bullet1 Corinthians 1:11: Chloe is mentioned as the owner of a house where Christian meetings were held. There is some ambiguity as to whether the women actually led the house churches. Similar passages mention, with the same ambiguity:
bulletThe mother of Mark in Acts 12:12, and
bulletLydia in Acts 16:14-5, and 40, and
bulletNympha in (Col 4:15).
bullet1 Corinthians 12:4-7: This discusses gifts that the Holy Spirit gives to all believers, both men and women. The New International Version obscures this message; in Verse 6 is translated "all men", whereas other translations use the terms "all", "all persons", "in everyone", and "in all."
bullet1 Corinthians 16:3: Paul refers to a married couple: Priscilla and Aquila as his fellow workers in Christ Jesus.
bullet2 Corinthians 5:17: "Therefore if anyone is in Christ, he is a new creation..." (NIV). Again "anyone" appears to mean both men and women.
bulletGalatians 3:28: "There is neither Jew nor Greek, slave nor free, male nor female, for you are all one in Christ Jesus." (NIV) This is perhaps the most famous passage in the New Testament that assigns equal status to individuals of both genders (and all races, nationalities and slave status).
bulletPhilippians 4:2: Paul refers to two women, Euodia and Syntyche, as his coworkers who were active evangelists, spreading the gospel.
bulletPhilemon 2: Paul writes his letter to "Apphia, our sister" and two men as the three leaders of a house church.
bullet1 Peter 4:10-11: This passages discusses all believers serving others with whatever gifts the Holy Spirit has given them, "faithfully administering God's grace in its various forms." (NIV) Presumably this would mean that some women are given the gift of being an effective pastor, and would have been expected exercise that gift.

horizontal rule

Sponsored link:

horizontal rule

Biblical references promoting female inferiority:

bullet1 Corinthians 11:3: "...Christ is the head of every man, and a husband the head of his wife, and the head of Christ is God. (NIV)". There is some debate among theologians about the translation of the Greek word "kephale" as "head." However that word is universally used in New Testament translations.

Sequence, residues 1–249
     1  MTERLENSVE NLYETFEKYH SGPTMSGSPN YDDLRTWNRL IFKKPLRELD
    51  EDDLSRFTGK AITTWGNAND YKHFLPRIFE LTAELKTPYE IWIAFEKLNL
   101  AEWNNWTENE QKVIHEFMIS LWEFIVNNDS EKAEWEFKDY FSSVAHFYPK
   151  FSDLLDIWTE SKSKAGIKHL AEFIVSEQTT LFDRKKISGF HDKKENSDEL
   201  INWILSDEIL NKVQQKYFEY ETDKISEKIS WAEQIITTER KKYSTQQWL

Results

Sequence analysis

bullet1 Corinthians 11:7-9:"For a man...is the image and glory of God; but woman is the glory of man. For man did not come from woman, but woman from man; neither was man created for woman but woman for man. For this reason, and because of the angels, the woman ought to have a sign of authority on her head." (NIV) This refers to the practice of women wearing hair covering as a sign of inferiority. This is not longer widely observed today.
bullet1 Corinthians 14:34-35: "...women should remain silent in the churches. They are not allowed to speak, but must be in submission, as the Law says, If they want to inquire about something, they should ask their own husbands at home; for it is disgraceful for a woman to speak in the church." (NIV) This is a curious passage. It appears to prohibit all talking by women during services. But it contradicts verse 11:5, in which St. Paul states that women can actively pray and prophesy during services.

Many theologians have concluded that verses 14:33b to 36 are a later addition, added by an unknown counterfeiter with little talent at forgery. Bible scholar, Hans Conzelmann, comments on these three and a half verses: "Moreover, there are peculiarities of linguistic usage, and of thought. [within them]." 6 If they are removed, then Verse 33a merges well with Verse 37 in a seamless transition. Since they were a later forgery, they do not fulfill the basic requirement to be considered inerrant: they were not in the original manuscript written by Paul.

bulletEphesians 5:22-24: "Wives, submit to your husbands as to the Lord. For the husband is the head of the wife...wives should submit to their husbands in everything." (NIV)
bullet1 Timothy; various passages: Conservative theologians date this "pastoral epistle" as having being written prior to 65 CE, and assign its authorship to Paul. Liberal theologians generally believe that it was written by an unknown author during the first half of the second century, a half-century or longer after St. Paul's execution. If the latter is true then the epistle's many passages reflecting female inferiority can be attributed to a gradual reinstatement of patriarchal authority by the early Church. Some of these passages are:
bullet1 Timothy 2:11-15:"A woman should learn in quietness and full submission. I do not permit a woman to teach or to have authority over a man; she must be silent..." (NIV) Some Biblical scholars believe that woman and man should be replaced by wife and husband in the above passage. This would mean that the passage would not refer to women teaching men in the church, but rather wives teaching their husbands within the home. 5
bullet1 Timothy 3:2: "Now the overseer must be above reproach, the husband of but one wife..." (NIV) This would seem to imply that all overseers (bishops) must be male.
bullet1 Timothy 3:8: "Deacons likewise, are to be men worthy of respect, sincere..." (NIV)